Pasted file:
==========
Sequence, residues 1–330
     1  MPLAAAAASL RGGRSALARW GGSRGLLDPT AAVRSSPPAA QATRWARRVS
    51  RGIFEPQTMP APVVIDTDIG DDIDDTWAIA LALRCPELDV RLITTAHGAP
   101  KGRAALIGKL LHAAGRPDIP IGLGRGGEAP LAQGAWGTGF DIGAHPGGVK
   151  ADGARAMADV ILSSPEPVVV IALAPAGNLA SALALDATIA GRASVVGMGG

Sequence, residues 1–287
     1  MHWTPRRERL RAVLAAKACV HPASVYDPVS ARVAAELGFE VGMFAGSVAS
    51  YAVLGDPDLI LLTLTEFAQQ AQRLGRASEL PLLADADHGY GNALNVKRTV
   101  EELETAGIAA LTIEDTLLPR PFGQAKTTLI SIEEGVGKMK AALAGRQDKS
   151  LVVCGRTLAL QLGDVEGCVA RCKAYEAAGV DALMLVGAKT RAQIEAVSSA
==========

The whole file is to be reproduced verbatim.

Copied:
Sequence, residues 1–330
     1  MPLAAAAASL RGGRSALARW GGSRGLLDPT AAVRSSPPAA QATRWARRVS
    51  RGIFEPQTMP APVVIDTDIG DDIDDTWAIA LALRCPELDV RLITTAHGAP
   101  KGRAALIGKL LHAAGRPDIP IGLGRGGEAP LAQGAWGTGF DIGAHPGGVK
   151  ADGARAMADV ILSSPEPVVV IALAPAGNLA SALALDATIA GRASVVGMGG

Sequence, residues 1–287
     1  MHWTPRRERL RAVLAAKACV HPASVYDPVS ARVAAELGFE VGMFAGSVAS
    51  YAVLGDPDLI LLTLTEFAQQ AQRLGRASEL PLLADADHGY GNALNVKRTV
   101  EELETAGIAA LTIEDTLLPR PFGQAKTTLI SIEEGVGKMK AALAGRQDKS
   151  LVVCGRTLAL QLGDVEGCVA RCKAYEAAGV DALMLVGAKT RAQIEAVSSA